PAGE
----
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A funny thing happened to me at the Ukrainian Design Awards

Paul Finch
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Following the election of a comedian as Ukraine’s president, Paul Finch recalls his visit to the country as a judge and tombola operator

The election of a comedian to the presidency of Ukraine is no laughing matter, as Bob Monkhouse might have said. By contrast, my last visit there – before the Russian non-invasion – was a very cheery one. I had been invited to chair the European judges for the inaugural Ukrainian Design Awards, to be conducted via Skype from a hotel at Gatwick the afternoon before the awards ceremony took place in Kiev.

It turned out that I was, in fact, the only European judge, my contribution being to swap thoughts with the Ukrainian judges based on some rather inadequate images of the competing entries. Oh well, it was the first time they had organised the awards, so you go with the flow.

An early flight the next morning landed at noon local time in a rather swanky airport, where one of the sponsors and I were met by an extremely glamorous awards assistant, who whisked us in an even more glamorous sports car to register at our hotel – then took us immediately to the awards ceremony, which had already started in the flamboyant 1901 Kiev Opera House.

Kiev opera house shutterstock 76203214

Kiev opera house shutterstock 76203214

It wasn’t entirely clear when I was supposed to address the very lively designer crowd, some looking super-cool in street fashion, other dressed formally and/or extravagantly, as though they were at a wedding party. I was eventually more or less pushed on stage with instructions to ‘just say something encouraging’, which I duly did.

However, the highlight of my brief appearance was to conclude proceedings by cranking the handle of a tombola machine, which held tickets distributed to everyone attending the event. The crowd became enthusiastic when I plunged my hand into the machine and gave the tickets a good rummage, which suggested to my mind a certain level of suspicion about the way these things were normally conducted.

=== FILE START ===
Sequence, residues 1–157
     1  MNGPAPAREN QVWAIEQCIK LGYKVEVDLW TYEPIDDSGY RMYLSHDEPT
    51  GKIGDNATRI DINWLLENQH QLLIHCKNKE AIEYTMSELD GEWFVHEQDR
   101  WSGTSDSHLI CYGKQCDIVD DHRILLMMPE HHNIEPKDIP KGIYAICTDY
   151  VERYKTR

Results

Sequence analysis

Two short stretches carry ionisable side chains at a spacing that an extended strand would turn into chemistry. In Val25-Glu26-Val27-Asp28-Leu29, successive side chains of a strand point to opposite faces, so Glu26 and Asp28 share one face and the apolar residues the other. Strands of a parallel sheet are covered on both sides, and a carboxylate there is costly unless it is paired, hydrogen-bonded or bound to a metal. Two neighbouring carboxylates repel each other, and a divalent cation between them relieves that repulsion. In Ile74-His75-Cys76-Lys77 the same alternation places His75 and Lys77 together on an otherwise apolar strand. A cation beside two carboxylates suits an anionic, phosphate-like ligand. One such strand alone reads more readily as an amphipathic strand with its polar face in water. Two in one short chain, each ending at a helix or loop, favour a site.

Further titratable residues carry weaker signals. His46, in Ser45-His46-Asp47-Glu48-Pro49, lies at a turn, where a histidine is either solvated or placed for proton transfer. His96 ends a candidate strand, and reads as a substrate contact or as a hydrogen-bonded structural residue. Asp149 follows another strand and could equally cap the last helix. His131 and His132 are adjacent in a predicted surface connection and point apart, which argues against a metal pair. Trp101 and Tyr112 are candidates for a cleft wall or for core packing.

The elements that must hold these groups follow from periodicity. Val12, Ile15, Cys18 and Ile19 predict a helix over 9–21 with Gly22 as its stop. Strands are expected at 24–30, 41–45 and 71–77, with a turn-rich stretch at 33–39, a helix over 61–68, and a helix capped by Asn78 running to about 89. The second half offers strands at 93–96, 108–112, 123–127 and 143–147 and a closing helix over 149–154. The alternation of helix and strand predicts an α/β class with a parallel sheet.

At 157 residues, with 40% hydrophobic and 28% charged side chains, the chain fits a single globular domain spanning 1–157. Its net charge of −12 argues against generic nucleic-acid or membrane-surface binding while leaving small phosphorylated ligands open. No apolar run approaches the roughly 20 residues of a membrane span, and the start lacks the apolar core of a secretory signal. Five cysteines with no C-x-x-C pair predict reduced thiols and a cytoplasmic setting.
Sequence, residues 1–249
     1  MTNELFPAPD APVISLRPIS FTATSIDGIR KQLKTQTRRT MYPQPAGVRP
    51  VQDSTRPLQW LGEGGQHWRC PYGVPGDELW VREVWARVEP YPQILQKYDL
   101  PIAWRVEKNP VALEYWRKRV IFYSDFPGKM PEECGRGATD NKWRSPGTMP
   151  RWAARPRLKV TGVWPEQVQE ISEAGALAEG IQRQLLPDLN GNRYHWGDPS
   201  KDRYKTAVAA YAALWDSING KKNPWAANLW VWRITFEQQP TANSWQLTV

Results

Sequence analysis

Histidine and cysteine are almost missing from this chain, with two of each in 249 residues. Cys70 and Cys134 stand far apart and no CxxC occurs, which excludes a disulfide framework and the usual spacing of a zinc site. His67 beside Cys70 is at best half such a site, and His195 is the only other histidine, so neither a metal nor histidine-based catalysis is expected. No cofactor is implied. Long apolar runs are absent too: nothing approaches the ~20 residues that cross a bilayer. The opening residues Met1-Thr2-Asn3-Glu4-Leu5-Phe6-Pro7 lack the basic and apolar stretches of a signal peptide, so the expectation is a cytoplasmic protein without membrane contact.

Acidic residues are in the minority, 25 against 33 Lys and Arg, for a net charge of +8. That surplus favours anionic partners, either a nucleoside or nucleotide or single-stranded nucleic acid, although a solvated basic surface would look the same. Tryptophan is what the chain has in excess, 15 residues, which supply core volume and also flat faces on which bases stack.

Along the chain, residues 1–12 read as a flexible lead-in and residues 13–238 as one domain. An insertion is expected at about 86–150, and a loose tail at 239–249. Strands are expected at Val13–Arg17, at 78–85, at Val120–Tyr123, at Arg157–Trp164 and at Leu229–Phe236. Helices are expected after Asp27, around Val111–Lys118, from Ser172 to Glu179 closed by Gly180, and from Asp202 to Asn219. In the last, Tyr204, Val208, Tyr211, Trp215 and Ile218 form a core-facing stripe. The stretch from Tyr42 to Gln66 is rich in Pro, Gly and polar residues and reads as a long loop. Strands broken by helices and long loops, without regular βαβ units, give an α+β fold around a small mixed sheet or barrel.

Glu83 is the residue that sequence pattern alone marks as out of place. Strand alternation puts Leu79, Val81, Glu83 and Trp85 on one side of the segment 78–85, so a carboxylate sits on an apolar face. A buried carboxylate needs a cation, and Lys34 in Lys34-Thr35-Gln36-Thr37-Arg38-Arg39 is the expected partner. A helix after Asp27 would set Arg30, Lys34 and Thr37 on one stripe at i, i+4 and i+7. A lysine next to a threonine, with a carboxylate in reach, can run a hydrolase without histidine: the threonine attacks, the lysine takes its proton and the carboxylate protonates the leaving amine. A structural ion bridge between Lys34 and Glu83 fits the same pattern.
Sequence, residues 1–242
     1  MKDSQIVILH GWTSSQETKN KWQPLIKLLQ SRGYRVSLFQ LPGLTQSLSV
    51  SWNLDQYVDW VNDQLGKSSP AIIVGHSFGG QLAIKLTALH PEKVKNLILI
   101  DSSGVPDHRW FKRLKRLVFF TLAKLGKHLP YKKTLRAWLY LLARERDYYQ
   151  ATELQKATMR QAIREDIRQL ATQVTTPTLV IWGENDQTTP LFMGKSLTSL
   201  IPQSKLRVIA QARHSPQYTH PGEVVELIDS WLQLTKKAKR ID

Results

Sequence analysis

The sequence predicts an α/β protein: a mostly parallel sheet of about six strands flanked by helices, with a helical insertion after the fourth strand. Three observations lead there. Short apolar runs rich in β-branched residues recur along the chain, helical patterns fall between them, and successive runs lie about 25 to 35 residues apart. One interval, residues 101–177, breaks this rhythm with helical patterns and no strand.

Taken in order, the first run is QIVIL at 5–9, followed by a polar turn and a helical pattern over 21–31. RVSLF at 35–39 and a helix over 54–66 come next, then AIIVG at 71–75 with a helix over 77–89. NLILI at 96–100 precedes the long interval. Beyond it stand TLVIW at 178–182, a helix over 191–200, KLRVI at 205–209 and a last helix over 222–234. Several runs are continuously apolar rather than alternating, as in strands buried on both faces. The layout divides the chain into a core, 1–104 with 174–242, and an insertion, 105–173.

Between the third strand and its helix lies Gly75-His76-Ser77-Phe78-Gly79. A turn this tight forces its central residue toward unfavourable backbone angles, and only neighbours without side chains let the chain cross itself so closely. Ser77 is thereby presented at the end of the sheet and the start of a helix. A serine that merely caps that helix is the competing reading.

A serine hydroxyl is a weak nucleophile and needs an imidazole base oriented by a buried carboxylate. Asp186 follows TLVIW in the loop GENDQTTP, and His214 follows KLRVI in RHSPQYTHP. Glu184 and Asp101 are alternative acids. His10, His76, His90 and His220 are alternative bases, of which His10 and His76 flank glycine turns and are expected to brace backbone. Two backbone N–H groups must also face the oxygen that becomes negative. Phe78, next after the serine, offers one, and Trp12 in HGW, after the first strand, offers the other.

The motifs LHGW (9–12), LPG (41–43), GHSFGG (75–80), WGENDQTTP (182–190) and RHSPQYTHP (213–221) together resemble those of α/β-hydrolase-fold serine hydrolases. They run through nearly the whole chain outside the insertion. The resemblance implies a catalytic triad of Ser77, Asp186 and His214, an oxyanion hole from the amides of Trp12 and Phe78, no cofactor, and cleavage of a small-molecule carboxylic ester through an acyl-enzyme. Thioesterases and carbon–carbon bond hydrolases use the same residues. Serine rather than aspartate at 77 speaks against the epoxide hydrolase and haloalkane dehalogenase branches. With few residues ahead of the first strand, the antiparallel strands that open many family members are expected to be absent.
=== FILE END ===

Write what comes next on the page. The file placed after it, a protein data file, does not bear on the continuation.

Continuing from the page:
The winning ticket belonged to a designer who had failed in the awards, but turned out to be the day’s biggest winner: the prize was a brand-new Citroën saloon, waiting outside the entrance to the Opera, wrapped in a gigantic ribbon. He could scarcely believe his luck. General celebrations then ensued at an extremely generous party, where the measures used for the pouring of excellent spirits had to be seen to be believed, and where barbecued food was plentiful and delicious.

When the Russians moved in, I couldn’t help thinking about the enforced starvation of the Ukrainians by Stalin, the evil old monster, in the 1930s. Whatever problems the country may have now, things have been worse.

Apparently, size is everything

I have been wondering about the implications of paragraph 3.4.2 in the Design section of the draft London Plan. The plan sets out minimum space standards which, says the paragraph, ‘applicants are encouraged to exceed’. So far so good, but then: ‘However, due to the level of housing need and the requirement to make the best use of land, boroughs are encouraged to resist dwellings with floor areas significantly above those set out in Table 3.1 as they do not constitute an efficient use of land.’ (Bold type is used in the report).

This seems rather extraordinary since it suggests that the only way people can expect to live in a dwelling with generous dimensions is to buy or rent anything except what is currently being built. A good example of minima becoming maxima – via the stroke of a pen.

More encouragingly, the document is very strong on the problems associated with single-aspect dwellings, spelling out when they should not be permitted. Currently, too many clients are trying it on, forcing their architects to produce units they would never inhabit themselves. This is by no means restricted to office-to-resi conversions.

Macron’s Notre-Dame pledge is a tall order

President Macron wants something built at Notre-Dame in time for the 2024 Paris Olympics. This is a tall order, but perhaps the international competition to replace what has been lost will generate lateral thinking. One idea would be to create a spire with a stand-alone structure in time for the Games, with other elements added at an appropriate pace later on. Let’s hope the brief is suitably loose.

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